Beware high levels of Cortisol, the ’Stress Hormone’
Often called the stress hormone cortisol causes an increase in your heart rate and blood pressure. It’s your natural ‘fight or flight’ response that has kept us humans alive for thousands of years. It does this by curbing functions within our body that would be nonessential or harmful in a ‘fight or flight’ situation. Normal levels of cortisol are released when you wake in the morning and help regulate things like your blood pressure and blood sugar level but in large amounts it can have unpleasant and have damaging effects.
1.Digestive issues – Intestinal problems such as constipation, bloating or diarrhoea. When stress hormones are pumping through your body all day every day, they shunt blood away from your digestive tract and impact your gut microbiome, both of which lead to dysregulated bowel movements
2.Weight fluctuations -Weight gain typically around your middle, upper back, and face. If you have difficulty maintaining a weight or experience sudden weight loss it can be linked to your stress hormones. Not only do your stress hormones directly affect your weight but they can also decrease satiety and increase food cravings, leading to you consuming more calories. A stress hormone called glucocorticoid stimulates appetite. This hormone stays in the blood stream for hours, promoting emotional eating especially of high sugar, high fat, high carb ‘feel good’ foods which can lead to weight gain. How about Lack of appetite? Do you wake with no appetite for breakfast? If you’re in fight or flight mode, you are not concerned with what to eat for breakfast However Losing your appetite may contribute to nutrient deficiencies. Cycles of binge eating, and restriction are also caused by our stress hormones. By binging and restricting you are throwing your hormones, metabolism, and digestion our of sink.
3. Disrupted sleep – Do you suffer with insomnia or wake during the night? Whether getting too much or not enough both indicate the presence of stress hormones. When your body is surviving off stress hormones it is unable to enter the REM phases of sleep and cause disruption in sleep patterns. Sleepless nights in turn lead to increased stress hormones hence a vicious cycle is created.
4.Fatigue, irritability, headaches, anxiety, or depression. From tension headaches to migraines when the body is stressed muscle tension and constriction of blood vessels from the release of cortisol are common causes of headaches. You may be unaware, but You may be grinding your teeth at night or clenching your jaw both of which contribute to headaches on waking and dental issues. Stress keeps your brain’s stress response turned on which accelerates your heart rate, increases respiration, and activates your sympathetic nervous system. This takes a lot of energy often leading to feelings of exhaustion at the end of the day and contributes to feelings of fatigue. When your body is in survival mode it takes resources away from non-survival related functions such as short-term memory and executive functioning. This results in an increase in memory lapses and difficulty paying attention and makes planning and execution difficult.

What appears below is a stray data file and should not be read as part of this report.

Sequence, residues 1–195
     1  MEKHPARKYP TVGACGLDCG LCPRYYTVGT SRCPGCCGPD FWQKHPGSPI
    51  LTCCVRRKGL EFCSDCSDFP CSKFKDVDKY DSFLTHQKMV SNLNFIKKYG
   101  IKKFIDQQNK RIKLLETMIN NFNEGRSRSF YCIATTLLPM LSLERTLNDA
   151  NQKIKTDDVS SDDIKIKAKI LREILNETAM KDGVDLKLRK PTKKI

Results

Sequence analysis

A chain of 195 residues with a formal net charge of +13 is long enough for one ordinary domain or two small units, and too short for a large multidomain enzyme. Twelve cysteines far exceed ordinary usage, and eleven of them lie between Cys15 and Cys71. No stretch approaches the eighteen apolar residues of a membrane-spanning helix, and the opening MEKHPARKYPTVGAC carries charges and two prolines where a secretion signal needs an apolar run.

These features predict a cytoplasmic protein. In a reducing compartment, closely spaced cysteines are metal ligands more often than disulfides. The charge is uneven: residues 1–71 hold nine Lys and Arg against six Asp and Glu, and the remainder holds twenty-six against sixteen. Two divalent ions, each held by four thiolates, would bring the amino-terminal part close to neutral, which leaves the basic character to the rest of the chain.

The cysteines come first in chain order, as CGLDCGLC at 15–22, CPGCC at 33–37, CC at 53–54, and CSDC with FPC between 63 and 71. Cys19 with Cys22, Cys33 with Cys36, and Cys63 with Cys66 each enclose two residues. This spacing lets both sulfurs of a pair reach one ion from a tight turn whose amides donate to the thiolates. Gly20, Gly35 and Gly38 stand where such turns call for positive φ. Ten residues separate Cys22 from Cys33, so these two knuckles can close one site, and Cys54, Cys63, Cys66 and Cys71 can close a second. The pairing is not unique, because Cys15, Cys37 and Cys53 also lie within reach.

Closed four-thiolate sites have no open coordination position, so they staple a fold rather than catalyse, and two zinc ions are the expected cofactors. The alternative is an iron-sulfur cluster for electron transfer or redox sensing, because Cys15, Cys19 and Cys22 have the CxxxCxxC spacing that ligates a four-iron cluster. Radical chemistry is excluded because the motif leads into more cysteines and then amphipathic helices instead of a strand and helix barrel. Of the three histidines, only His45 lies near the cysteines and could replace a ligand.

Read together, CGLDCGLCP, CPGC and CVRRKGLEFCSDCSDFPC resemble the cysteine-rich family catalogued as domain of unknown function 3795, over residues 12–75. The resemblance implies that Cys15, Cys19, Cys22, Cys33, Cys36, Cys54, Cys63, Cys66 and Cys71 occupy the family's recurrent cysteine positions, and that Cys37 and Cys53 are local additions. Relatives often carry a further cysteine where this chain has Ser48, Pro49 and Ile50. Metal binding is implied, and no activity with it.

5.Supressed immune system – getting sick often? Bruising and slow wound healing? Have you noticed that when you get a holiday, and you finally relax you get sick? This phenomenon known as ‘the let-down effect’ occurs once the body finally relaxes after a prolonged period of stress. Research shows that stress can make you more susceptible to bacterial and viral infections. If you feel like you are constantly battling a cold or secondary infection, stress may be to blame. Skin breakouts -Cortisol increases oil production and lowers thyroid, which in turn increases inflammation. Increased oil production paired with a compromised immune system and a reduction in the skins ability to protect itself is perfect environment to result in skin breakout. Thinning hair? When your body is in survival mode it diverts blood and nutrients away from non-essential functions such as skin and hair maintenance which can often result in hair thinning.
6.Need to be productive all the time? Do you feel the need to constantly be doing something? This may sound like a good thing, but it is a tell-tale sign that your body is surviving on stress. Our bodies and minds are designed to need rest, recovery, and sleep.
7.Hormonal or menstrual issues? – A constant release of stress hormones signal to your body that it is not safe, and your body will not reproduce in an unsafe environment. Your body cannot identify as to where the stress is coming from i.e. Is it that you are being chased by lions or have a deadline from your boss? This leads to irregular or missed periods, Low libido, erectile dysfunction, or problems with regular, ovulation or menstrual periods
The repeated release of adrenaline and cortisol to support ‘fight or flight’ response and protect us are also associated with chronic and ongoing pain.